Summer with Children and Youth

Summer is a busy time for families as they shift from the school-year schedules to summer camps, programs, and vacations. How does church fit into families’ summer schedules? Many years ago, Calvary held summer worship services in the chapel and did not offer childcare. It was a time when pastors would go on study leave and vacations and folks would be out of town. It was a good time for families to sit together during worship. For almost ten years, we have had childcare open every Sunday throughout the year. We support families whenever they come to Calvary. Families have the choice to sit together during worship or walk their children to childcare and Sunday Studio.

Wear Orange: When Thoughts and Prayers Are Not Enough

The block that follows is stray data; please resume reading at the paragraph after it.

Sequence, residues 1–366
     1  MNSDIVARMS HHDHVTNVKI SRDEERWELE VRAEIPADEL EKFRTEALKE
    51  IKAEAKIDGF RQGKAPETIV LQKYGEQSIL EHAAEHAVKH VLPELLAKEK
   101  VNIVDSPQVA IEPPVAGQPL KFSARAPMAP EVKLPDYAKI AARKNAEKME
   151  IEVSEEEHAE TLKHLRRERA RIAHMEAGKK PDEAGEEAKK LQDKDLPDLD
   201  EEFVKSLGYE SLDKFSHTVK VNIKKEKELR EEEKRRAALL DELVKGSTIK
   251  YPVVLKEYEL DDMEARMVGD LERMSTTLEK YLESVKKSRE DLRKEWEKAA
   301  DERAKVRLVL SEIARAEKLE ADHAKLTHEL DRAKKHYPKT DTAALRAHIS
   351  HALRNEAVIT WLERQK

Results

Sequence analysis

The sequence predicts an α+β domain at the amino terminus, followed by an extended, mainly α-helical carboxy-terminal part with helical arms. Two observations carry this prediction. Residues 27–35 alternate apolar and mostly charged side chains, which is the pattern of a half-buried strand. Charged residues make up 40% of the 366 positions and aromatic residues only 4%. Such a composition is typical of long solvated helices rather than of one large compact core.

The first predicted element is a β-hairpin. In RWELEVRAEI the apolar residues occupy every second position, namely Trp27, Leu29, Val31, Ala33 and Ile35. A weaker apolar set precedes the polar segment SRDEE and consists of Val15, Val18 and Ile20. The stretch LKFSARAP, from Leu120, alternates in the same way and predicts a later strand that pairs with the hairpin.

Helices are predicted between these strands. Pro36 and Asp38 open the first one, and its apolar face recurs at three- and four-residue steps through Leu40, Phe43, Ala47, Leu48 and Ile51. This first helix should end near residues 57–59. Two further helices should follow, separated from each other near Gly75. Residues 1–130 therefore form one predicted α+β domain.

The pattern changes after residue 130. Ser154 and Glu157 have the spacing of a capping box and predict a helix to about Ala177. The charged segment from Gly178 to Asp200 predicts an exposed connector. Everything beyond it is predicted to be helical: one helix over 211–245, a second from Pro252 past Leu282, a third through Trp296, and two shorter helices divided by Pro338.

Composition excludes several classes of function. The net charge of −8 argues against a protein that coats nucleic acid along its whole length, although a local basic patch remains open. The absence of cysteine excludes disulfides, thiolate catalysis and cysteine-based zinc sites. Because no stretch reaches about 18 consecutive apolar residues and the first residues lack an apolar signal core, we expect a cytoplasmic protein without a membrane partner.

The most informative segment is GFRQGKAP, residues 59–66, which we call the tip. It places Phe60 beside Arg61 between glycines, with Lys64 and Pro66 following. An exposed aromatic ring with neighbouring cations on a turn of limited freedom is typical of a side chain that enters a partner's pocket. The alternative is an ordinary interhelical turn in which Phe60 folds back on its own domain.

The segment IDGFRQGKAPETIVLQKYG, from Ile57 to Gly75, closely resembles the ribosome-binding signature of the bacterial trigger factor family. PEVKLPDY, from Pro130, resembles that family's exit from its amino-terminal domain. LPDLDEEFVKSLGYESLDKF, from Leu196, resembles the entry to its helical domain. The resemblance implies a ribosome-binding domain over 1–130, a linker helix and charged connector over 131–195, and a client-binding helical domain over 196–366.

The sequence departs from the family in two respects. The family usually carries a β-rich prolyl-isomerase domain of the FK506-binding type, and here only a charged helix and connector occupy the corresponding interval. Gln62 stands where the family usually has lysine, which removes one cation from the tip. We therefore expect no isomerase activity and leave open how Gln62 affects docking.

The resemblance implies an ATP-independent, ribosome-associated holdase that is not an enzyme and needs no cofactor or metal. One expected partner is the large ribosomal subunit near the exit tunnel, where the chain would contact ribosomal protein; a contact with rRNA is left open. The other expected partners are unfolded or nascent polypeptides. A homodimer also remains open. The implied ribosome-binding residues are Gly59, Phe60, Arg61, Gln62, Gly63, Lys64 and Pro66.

Isaiah 2:4 says, “He will settle arguments between nations. They will pound their swords and their spears into rakes and shovels; they will never make war or attack one another.” I read Sandy Hook Promise posts on Instagram and cannot escape thinking of the horror a parent experiences after their child or teen is shot. This is not sensationalism or fake news. On August 27, 2019, I took my middle school daughter to Lincoln High School for a Town Hall on gun sense, directly relating to the shooting of 15-year-old Day’von Hann, a student who lived in the Mission District. Then Speaker Nanci Pelosi, Rep. Jackie Speier, Founder of Moms Demand Action Shannon Watts, CA Surgeon General Dr. Nadine Burke Harris, and 17-year-old Phillip and Sala Burton High School student and member of United Playaz, AJ Santiago led the meeting. After these change-maker women shared personal experiences, data, and gun sense bill proposals, I was sure we would have gun violence reform. I was wrong. The CDC says that firearm incidents are the second-leading cause of death among American children and teens. One out of ten gun deaths involve age 19 or younger. Everytown Research relays that “there were more school shootings in 2022 (46 shootings) than in any other year since Columbine.” One would think that this statistic would be enough to take immediate action to make common gun sense bills into law and enforce them in court. Money talks, so many of the proposed bills continue to be blocked by gun supporter groups. How do we empower our children and teens to use their power to urge legislative, judicial, and executive branches to make change now? We need to continue telling stories of the pain and grief that parents and adults continue to experience after a child dies because of gun violence. Speaking the truth that advocates protection of all people follows Jesus' non-violent civil disobedience against the empire. Christians are obligated to love their neighbor and care for the vulnerable. If they do not want to prevent gun violence against innocent civilians, their beliefs are not based in Jesus' life-affirming truth.